Jun 222011

A car commercial on TV recently perked up my ears for two reasons. First, the sound of the jangling guitar and bass moving beneath it, were suspiciously similar to the outro of “American Girl.” I mean, like rip-off similar, even though it was only a couple of bars of music. And it was not the original recording.

Second, it gave me déjà vu about another car commercial blatantly ripping off Tom Petty some years ago. I can’t find any reference to it, but I sort of recall Petty suing them about it; it seemed to me as if they probably wanted to use his song but he didn’t want to license it, so they just recorded a new sound-alike. I think it was a car cruising along a curvy two lane road among rolling hills of brown grass, to a tune that was a direct rip-off of the opening power chords of Petty’s “You Wreck Me,” not long after its 1994 release. (Ironic theme title for a car, if have that right!) Does anyone recall the details on that one, or am I imagining it?

What other accusations of gross musical theft come to mind? “My Sweet Lord”/”He’s So Fine” is the most famous case (court case, at least) that comes to mind for me. Maybe we should omit rap sampling of rock music because that list would be endless!


  21 Responses to “Suspiciously Familiar Jingle”

  1. tonyola

    The Beach Boys stole the opening of Chuck Berry’s “Roll Over Beethoven” for “Fun, Fun, Fun”.

  2. I love when commercials do this and marvel at the fine line they must be treading. There’s a local (Philadelphia) add that has background music that couldn’t be more similar to KISS’ “Rock ‘n Roll All Night.” How do they get away with that and then we hear reports of people getting busted for basing a jingle around an obscure indie rock tune?

  3. hrrundivbakshi

    I do this very thing for a living (used to do it full-time, before the economy went in the crapper), and I can tell you that composers are routinely asked to emulate popular songs — closely enough that they capture the “vibe” of the original, but not so closely that anybody gets sued. It’s a fine line, and it does get crossed with some frequency. Not by me, though!

  4. bostonhistorian

    The first song I remember hearing and thinking “that’s a rip-off”, was Ray Parker Jr.’s theme for Ghostbusters, which steals from Huey Lewis’s “I Want A New Drug”. I wasn’t surprised to learn years later the producers had apparently asked Huey Lewis to write the theme and he turned them down.

  5. misterioso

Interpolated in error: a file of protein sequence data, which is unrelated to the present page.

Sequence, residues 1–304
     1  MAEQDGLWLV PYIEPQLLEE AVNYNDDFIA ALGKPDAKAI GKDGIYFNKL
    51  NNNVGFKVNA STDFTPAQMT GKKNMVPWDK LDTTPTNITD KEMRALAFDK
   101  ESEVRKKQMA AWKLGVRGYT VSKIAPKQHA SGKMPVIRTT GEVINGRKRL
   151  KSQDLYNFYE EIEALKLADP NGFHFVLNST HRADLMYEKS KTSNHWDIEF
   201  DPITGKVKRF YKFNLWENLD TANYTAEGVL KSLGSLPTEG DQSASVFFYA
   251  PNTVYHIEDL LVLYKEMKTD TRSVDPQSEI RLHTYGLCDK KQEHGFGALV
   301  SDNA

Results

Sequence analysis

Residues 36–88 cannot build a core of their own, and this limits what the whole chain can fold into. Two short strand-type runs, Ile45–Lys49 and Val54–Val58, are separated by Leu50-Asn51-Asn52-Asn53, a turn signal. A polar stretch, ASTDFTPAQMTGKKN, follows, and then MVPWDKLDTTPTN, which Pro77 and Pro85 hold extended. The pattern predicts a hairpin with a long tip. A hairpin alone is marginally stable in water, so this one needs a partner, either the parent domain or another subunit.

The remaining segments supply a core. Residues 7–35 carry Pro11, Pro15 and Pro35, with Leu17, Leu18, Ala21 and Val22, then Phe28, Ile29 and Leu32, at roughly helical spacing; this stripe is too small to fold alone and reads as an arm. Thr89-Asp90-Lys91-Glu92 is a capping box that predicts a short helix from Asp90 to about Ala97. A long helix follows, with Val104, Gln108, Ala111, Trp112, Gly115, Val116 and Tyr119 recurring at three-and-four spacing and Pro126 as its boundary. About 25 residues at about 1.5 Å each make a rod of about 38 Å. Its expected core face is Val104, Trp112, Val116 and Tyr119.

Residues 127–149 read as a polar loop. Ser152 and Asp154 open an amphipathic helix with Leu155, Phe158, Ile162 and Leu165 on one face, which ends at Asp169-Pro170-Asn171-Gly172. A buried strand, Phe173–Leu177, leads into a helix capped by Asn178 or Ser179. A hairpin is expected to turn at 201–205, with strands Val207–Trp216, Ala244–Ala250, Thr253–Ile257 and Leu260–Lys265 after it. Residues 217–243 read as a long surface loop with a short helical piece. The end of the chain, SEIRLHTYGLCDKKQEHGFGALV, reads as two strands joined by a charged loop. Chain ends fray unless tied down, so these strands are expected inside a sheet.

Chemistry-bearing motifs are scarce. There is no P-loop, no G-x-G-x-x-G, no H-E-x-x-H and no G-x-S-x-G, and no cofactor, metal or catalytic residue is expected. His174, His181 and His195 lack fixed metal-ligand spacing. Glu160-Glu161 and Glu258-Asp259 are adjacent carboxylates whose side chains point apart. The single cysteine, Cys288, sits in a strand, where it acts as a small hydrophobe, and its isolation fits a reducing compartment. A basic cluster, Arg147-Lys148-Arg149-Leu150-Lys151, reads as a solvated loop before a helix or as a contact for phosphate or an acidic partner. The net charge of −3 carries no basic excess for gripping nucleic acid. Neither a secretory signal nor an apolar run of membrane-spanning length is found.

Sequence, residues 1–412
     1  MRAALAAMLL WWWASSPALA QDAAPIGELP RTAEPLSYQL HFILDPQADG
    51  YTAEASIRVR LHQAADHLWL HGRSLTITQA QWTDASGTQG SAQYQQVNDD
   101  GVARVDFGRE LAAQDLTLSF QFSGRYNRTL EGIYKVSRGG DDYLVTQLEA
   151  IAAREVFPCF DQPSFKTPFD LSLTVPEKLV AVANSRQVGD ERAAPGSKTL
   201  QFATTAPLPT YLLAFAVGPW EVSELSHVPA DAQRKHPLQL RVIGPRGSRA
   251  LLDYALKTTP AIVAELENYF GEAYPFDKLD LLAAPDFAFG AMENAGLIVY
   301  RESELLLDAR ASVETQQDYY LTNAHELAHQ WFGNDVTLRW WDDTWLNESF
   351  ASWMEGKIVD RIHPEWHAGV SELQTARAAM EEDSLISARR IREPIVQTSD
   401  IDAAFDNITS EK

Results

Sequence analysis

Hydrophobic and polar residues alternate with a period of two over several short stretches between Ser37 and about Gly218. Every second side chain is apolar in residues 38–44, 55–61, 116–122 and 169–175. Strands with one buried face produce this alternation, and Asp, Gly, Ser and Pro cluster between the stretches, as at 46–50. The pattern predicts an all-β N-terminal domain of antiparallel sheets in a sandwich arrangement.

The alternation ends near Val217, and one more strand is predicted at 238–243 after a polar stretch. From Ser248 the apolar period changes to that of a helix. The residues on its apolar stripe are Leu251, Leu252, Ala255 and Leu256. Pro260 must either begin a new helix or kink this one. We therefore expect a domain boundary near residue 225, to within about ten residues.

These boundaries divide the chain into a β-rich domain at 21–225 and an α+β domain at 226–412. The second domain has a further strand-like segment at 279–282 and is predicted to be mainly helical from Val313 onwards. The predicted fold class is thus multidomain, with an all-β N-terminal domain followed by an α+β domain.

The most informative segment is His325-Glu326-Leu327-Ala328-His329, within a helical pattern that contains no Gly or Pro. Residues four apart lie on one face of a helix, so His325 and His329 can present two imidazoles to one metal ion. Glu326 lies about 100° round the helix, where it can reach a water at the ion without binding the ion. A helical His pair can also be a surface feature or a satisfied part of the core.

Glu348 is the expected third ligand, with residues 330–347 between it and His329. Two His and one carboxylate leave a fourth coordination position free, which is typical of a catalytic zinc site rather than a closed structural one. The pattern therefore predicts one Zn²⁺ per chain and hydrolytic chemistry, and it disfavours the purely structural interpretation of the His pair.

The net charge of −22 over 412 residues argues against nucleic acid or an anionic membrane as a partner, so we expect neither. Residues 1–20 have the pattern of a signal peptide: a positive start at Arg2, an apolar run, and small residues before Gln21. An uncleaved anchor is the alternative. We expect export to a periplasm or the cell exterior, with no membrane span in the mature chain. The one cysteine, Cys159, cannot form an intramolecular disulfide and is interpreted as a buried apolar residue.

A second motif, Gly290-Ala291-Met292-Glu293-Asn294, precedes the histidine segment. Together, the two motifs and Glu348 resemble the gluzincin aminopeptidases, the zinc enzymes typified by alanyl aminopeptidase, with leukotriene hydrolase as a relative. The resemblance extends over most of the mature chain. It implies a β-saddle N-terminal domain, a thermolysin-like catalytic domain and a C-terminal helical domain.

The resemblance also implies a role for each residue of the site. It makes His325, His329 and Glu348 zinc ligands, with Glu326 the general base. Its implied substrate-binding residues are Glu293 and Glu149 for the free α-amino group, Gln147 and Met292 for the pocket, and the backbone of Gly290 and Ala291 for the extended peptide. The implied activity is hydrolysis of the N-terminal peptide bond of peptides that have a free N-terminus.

Ah, the fabulous 80s…when ripping off Huey Lewis was the path to success. Good times.

    According to wikipedia, anyway: “When the similarities between this song and the theme song of the 1984 film Ghostbusters were heard, Huey Lewis sued Ray Parker Jr. for plagiarism, claiming that Parker had stolen the melody from “I Want a New Drug”. Lewis had been approached to compose the main theme song for the film, but had to decline because of his work on the soundtrack for Back to the Future.

    In 2001, in an interview on VH1’s Behind the Music, Lewis mentioned the suit, implying that Parker had paid a financial settlement as part of the original agreement. This allegedly breached a confidentiality agreement in the aftermath of the first suit, and led to a countersuit by Parker.”

  6. Nirvana copied the guitar riff for “Come As You Are” from Killing Joke’s “Eighties”. The latter reportedly brought suit, but dropped it after Cobain’s death.

  7. trigmogigmo

    Ah, that’s why it sounded so familiar from the get-go. If I were arguing Killing Joke’s case in a lawsuit, I’d say the slight differences are due to errors in transcription and inability to play it at the desired tempo….

  8. BigSteve

    Many people have appropriated the Ticket To Ride drumbeat, but Elvis Costello’s This Year’s Girl is probably the most famous.

  9. BigSteve

    And speaking of the Beatles, let’s give it up for Lies by the Knickerbockers, the most perfect appropriation of the style of Beatles ’65/VI where you can’t actually point to anything specific that was ‘stolen.’

  10. mockcarr

    The One I Love by REM seems like a rewrite of Hey Hey My My by Neil Young.

  11. mockcarr

    Also, Strangers When Me Meet by the Smithereens uses the outchorus of the Byrds Feel A Whole Lot Better as it’s outchorus.

  12. Let’s not forget that Teen Spirit is just a sped up version of Blue Oyster Cult’s Godzilla.

  13. I’ve mentioned it here before but Fogarty got sued by Saul Zantz because The Old Man Down The Road sounded too much like Run Through the Jungle, both of which he wrote.

  14. ladymisskirroyale

    But Boston’s “More Than a Feeling” got there first: 1976 to BOC’s 1977. Nirvana must have loved both bands.

  15. The Kinks are nicked all the time — Veruca Salt’s Seether comes to mind first for me.


    Nina Gordon is easier on the eyes than Ray, however.

  16. tonyola

    Pink Floyd’s nicking the style and feel of “Have a Cigar” for “What Do You Want From Me?”. Oh wait, they’re both by Floyd, aren’t they?

  17. shawnkilroy

    I can’t find it online, but in the late 80s or early 90s, Tom Waits sued Doritos for hiring a sound alike after he turned them down.

  18. tonyola

    It could be argued that Led Zeppelin have been the most blatant of thieves in that many of their songs are uncredited reworkings of old blues standards.

  19. Coldplay stole “Viva la Vida” from Joe Satriani. And then I looked it up and I guess everyone stole it from everyone else.

  20. Not to beat up Nina Gordon too bad — but she ripped off Enya on Tonight And The Rest Of My Life — after she quit Veruca Salt.


    Of course — Enya ripped off her former band Clannad. For some reason, Enya’s Watermark is in my CD collection — I think my sister in law must have left it at my house.

  21. I believe Huey and/or The News actually got a co-writer credit on “Ghostbusters Theme” after the suit!

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